Good Grief with Reverend Richard Cole’s review: The national treasure embarks on an unlikely journey of grief

Reverend Richard Coles – Rev., co-presenter of BBC Radio 4 Saturday liveAuthor, winner of celebrity master chef, and former keyboardist for 1980s pop sensation The Communards – has become something of a national treasure in his own quiet and unassuming way. Can he really be as overwhelmingly nice as he seems? I have no reason to doubt that, and his endless empathy is one of the many qualities that make him such a popular figure with the general public, and one can imagine him serving God with such distinction.

There is certainly a lot of empathy present – ​​and required good sorrow, an unusual documentary that explores the terrifying and still slightly taboo subject of grief. Coles lost his partner of 12 years, David Oldham, to alcoholism just before Christmas 2019, but the details won’t go into here. Instead, Coles takes us on what he calls his “funeral journey.” Throughout his many encounters with counselors and people still processing a deep, life-changing loss, he finds his “burden” – a derogatory but useful word – relieved by the experience of talking things through and sharing the pain. For example, he rejoices when a rather outspoken American therapist, in the manner of a 1980s TV business evangelist, tells him that the old adage “time heals” is “just rubbish.” A lady at a “Laughter Yoga” studio helps him convince him that the famous “Five Stages of Grief” are a “misunderstanding.” He laughs with other widows who share amusing grief anecdotes – one of whom tells him to cherish his time in early bereavement because “no one will ever be that nice to you again.” That kind of thing.

It’s not hard to sympathize with Coles over his loss, but his personal journey has so many “stops” that it’s also a bit dizzying. It’s almost as if Channel 4 decided the best way to help Coles and anyone else looking for solace on a Monday night in front of the TV is to distract everyone involved with a travel schedule so busy you can’t have plenty of time for introspection or you’ll miss the next flight. So we join the nation’s favorite pastor as he embarks on grief-focused experiences like skydiving in Milton Keynes, surfing in Bristol, attending a widow’s retreat on the Isle of Bute, cuddling a sloth in Honduras, a “Mourning Cruise” in the Caribbean, Alpaca Talks in the Cotswolds and, most unlikely, “Mourning Boxing” in Wellingborough. It’s a kind of ‘mourn around the world in 80 days’ treatment and quite arbitrary at times. I concluded that almost any event involving human interaction with comrades could be tailored and turned into a form of therapy, including anything from a vintage bus rally to an illegal dog fight.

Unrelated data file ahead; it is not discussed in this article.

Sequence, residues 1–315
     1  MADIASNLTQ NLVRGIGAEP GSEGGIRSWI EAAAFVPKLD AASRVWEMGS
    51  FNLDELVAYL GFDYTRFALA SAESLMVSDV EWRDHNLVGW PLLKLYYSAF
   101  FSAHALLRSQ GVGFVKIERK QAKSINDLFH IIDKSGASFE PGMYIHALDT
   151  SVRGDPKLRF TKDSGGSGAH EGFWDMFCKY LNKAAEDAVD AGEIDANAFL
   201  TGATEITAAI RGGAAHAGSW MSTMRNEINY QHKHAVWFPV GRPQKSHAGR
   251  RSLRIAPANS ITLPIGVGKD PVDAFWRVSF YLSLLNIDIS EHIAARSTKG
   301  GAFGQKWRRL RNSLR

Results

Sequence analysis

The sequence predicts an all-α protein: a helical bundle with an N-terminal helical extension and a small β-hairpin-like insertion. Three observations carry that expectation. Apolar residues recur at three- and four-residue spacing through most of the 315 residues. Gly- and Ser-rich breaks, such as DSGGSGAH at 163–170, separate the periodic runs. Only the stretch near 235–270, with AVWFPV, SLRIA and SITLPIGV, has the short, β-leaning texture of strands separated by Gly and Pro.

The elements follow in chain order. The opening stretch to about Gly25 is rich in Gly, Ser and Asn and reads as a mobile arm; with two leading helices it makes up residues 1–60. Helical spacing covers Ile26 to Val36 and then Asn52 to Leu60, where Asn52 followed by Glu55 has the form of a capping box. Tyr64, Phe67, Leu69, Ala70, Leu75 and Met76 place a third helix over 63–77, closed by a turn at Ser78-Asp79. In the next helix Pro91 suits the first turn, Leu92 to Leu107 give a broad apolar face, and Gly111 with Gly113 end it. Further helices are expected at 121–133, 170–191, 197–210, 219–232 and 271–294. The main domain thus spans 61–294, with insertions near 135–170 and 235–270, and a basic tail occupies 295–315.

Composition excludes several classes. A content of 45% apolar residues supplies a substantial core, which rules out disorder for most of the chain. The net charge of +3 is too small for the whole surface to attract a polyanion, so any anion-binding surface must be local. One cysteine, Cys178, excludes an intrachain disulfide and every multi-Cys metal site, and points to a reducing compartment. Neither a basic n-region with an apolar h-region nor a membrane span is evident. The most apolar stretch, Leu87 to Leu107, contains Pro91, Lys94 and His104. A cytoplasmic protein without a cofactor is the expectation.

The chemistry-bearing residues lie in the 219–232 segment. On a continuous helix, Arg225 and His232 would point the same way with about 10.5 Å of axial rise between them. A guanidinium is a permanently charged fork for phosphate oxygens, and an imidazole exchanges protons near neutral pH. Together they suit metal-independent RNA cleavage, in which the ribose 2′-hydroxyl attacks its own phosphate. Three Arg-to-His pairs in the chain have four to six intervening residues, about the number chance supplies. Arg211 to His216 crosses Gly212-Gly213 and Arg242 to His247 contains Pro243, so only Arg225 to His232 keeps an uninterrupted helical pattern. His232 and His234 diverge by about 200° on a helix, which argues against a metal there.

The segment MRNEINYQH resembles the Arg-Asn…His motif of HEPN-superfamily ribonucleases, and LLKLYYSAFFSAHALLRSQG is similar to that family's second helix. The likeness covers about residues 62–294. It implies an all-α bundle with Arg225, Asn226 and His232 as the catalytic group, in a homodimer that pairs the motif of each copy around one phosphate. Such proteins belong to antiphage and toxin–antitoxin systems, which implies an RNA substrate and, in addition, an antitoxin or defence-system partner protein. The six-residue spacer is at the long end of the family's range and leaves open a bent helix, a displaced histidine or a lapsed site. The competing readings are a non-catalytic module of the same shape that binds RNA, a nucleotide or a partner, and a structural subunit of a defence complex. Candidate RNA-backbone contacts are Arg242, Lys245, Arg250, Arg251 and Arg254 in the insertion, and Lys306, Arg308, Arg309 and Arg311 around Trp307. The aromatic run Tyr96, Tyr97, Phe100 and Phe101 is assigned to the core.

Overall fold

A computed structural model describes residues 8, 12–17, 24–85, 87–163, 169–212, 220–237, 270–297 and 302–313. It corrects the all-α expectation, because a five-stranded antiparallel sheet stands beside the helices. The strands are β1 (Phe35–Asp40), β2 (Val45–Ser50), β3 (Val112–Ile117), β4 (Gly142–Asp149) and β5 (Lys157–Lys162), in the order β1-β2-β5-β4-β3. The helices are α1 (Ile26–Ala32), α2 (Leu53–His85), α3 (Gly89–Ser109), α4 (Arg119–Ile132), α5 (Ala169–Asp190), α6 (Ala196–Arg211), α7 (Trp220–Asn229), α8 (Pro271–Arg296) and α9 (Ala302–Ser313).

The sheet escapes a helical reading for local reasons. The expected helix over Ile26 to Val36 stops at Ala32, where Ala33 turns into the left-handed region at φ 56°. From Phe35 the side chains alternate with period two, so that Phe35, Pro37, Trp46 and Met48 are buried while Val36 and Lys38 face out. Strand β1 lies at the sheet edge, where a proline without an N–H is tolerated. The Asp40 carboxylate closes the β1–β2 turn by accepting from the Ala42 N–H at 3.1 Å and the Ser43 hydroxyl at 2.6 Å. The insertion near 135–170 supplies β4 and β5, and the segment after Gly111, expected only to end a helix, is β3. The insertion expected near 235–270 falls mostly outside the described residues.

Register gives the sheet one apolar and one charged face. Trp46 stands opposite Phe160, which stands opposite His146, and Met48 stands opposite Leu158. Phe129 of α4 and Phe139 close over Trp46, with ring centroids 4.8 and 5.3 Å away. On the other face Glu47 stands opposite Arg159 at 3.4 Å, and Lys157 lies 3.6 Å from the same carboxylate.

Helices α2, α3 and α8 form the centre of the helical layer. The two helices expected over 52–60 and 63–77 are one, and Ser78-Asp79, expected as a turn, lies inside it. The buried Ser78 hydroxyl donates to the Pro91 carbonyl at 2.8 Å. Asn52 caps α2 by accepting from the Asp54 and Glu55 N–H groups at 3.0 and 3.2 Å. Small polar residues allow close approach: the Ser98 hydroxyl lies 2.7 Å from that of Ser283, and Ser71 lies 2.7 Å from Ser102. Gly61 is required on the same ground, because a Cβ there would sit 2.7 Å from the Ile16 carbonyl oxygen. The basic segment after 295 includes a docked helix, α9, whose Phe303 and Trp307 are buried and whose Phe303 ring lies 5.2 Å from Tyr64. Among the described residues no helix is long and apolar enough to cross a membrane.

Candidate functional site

Coles is such an obviously warm and loving person that we’re with him as he’s tied up like a walrus in a sausage skin and launches himself into the Bristol Channel in the freezing cold of February. I can imagine that this has helped him stimulate endorphins and expand his life experiences just as David once pushed him out of his comfort zone. A reserved type, however, Coles’ brief stints on camera didn’t reveal much about his inner feelings, he admits. To be honest, I would have liked a little more reflection on his life with David and a little less travelogue. Like I said, maybe Coles didn’t have that much to say despite his calling, or it just wasn’t the time to tell with so many adventures.

People Cole’s age, around 60, are just entering the stage of life when parents, older siblings, partners and longtime friends are beginning to fade away. You attend more funerals than, as one might once have done, Communards concerts, and you spend too much time feeling powerless and thinking about nothing more than the title of the band’s 1986 hit cover,” Don’t Leave Me This Way”. . Let us hope and pray that his awe will remain and comfort us for a while yet. Coles is the closest thing the British have to a national vicar and he needs to be taken care of.

https://www.independent.co.uk/arts-entertainment/tv/reviews/good-grief-reverend-richard-coles-review-b2140682.html Good Grief with Reverend Richard Cole’s review: The national treasure embarks on an unlikely journey of grief

JOE HERNANDEZ

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